tldr: Rime is really fast.

Sub-250ms latency is standard; contact us to optimize further.

TTS and Latency

The response time from any text-to-speech API depends on a variety of factors including network latency, the length of the text input, any text preprocessing needed prior to model inference, and payload size.

Rime’s TTS API has been designed from the ground up to be the fastest to respond. The following sections will have information on the contributing factors to response latency and recommendations for reducing this latency.

Factors that affect API response time

  1. Inference time: in general, server processing time will include the amount of time that the server takes to process the API request; for deep-learning TTS models, this will include model inference time but also text preprocessing functions and audio postprocessing.
  2. Payload size: The size of the response data sent between the server and the client can impact API response time: large payloads take longer to transmit across the network.
  3. Network latency: Network latency affects response time due to the simple fact that distance from the server will increase the amount of time it takes for the payload to get to the client.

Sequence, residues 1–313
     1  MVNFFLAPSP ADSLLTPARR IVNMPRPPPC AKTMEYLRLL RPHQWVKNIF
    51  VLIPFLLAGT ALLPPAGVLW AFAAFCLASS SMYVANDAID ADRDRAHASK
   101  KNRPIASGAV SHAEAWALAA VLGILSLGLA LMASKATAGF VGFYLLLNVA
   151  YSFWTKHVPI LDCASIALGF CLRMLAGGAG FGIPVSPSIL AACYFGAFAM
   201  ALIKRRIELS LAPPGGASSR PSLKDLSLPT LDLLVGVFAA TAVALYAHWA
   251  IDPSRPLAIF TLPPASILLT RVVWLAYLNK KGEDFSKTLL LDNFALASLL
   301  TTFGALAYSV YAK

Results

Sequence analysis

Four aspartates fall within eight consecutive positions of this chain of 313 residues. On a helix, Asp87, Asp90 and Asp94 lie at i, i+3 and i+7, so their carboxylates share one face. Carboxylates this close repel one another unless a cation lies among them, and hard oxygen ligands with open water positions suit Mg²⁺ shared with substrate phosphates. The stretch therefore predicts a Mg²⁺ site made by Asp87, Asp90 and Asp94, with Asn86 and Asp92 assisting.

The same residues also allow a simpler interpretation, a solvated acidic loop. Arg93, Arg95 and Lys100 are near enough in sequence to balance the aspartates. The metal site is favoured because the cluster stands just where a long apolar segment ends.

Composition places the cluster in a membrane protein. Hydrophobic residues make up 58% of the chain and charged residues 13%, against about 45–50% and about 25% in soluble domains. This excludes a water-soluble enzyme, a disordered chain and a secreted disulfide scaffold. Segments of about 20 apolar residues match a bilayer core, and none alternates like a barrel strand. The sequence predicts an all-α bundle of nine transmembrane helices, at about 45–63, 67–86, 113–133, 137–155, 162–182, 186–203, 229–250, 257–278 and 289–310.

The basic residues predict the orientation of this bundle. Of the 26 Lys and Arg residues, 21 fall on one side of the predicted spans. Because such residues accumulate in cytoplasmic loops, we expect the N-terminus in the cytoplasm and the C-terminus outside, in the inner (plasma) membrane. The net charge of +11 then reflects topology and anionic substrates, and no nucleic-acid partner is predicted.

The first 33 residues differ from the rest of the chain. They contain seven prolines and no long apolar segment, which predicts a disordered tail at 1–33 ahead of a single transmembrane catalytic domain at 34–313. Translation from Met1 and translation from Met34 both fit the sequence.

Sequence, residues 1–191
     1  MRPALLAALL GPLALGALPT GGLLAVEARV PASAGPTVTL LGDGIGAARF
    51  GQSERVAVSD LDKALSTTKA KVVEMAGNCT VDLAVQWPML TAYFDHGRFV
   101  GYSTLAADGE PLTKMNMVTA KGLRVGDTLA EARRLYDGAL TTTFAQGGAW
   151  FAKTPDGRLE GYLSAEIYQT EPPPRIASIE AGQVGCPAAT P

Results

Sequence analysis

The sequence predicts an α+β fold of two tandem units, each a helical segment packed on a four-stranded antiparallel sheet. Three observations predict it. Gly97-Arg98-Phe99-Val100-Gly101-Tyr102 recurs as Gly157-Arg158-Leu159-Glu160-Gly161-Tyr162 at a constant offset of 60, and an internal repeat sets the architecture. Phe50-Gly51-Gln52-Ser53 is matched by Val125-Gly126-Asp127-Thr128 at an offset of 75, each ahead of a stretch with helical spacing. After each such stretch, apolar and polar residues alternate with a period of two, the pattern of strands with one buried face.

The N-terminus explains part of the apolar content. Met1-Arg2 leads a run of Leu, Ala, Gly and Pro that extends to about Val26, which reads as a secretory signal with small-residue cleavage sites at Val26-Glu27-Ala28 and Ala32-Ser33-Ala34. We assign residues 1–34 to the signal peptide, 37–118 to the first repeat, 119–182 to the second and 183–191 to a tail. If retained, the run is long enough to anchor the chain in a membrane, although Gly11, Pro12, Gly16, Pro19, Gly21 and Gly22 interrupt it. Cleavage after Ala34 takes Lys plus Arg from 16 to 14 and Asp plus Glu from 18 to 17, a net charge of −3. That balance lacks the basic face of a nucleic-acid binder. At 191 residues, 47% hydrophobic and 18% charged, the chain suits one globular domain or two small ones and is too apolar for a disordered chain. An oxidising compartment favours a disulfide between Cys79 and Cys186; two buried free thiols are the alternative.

Assuming the client is able to stream audio, whether on-device or through a telephony provider or system, streaming will always be faster than non-streaming requests to our API. The reason for this is simple: a great deal of end-to-end response time comes down to the client. If we reduce the size of the initial payload chunk, we can reduce TTFB, which is the time audio can start streaming.

The image above contains a plot of both response time and TTFB for the request body to our streaming PCM endpoint seen below.

The image above contains a plot of both response time and TTFB for the following request body to our streaming PCM endpoint:

curl -X POST \
  -H 'Accept: audio/pcm' \
  -H 'Authorization: Bearer $RIME_API_KEY' \
  -d '{"text": "I love the book that she gave me. And I was so happy that she gave it to me.", "speaker": "juan",  "modelId": "mist"}'

Recommendations for reducing response time

Rime’s mist models are across the board faster than our v1 models. Using the modelId parameter, you can select our Mist model for TTS inference.
  • Use the API parameter reduceLatency, which turns off text normalization, to reduce the amount of computation needed to prepare input text for TTS inference. This can safely be used in cases where there are no digits, abbreviations, or tricky punctuation, e.g. Yes, I grew up on one twenty-three Main Street in Oakland, California. instead of Yes, I grew up on 123 Main St. in Oakland, CA.
  • Request audio that meets the needs of your application. Remember: smaller payloads move across the network more quickly. For example, if you’re building an application for telephony, request 8000kHz-sampled audio using the samplingRate parameter.
    Rime’s models produce PCM audio by default and conversion and downsampling must take place sampling rates other than 22kHz. Still, the reduction in payload size and therefore network overhead more than makes up for increased server processing time.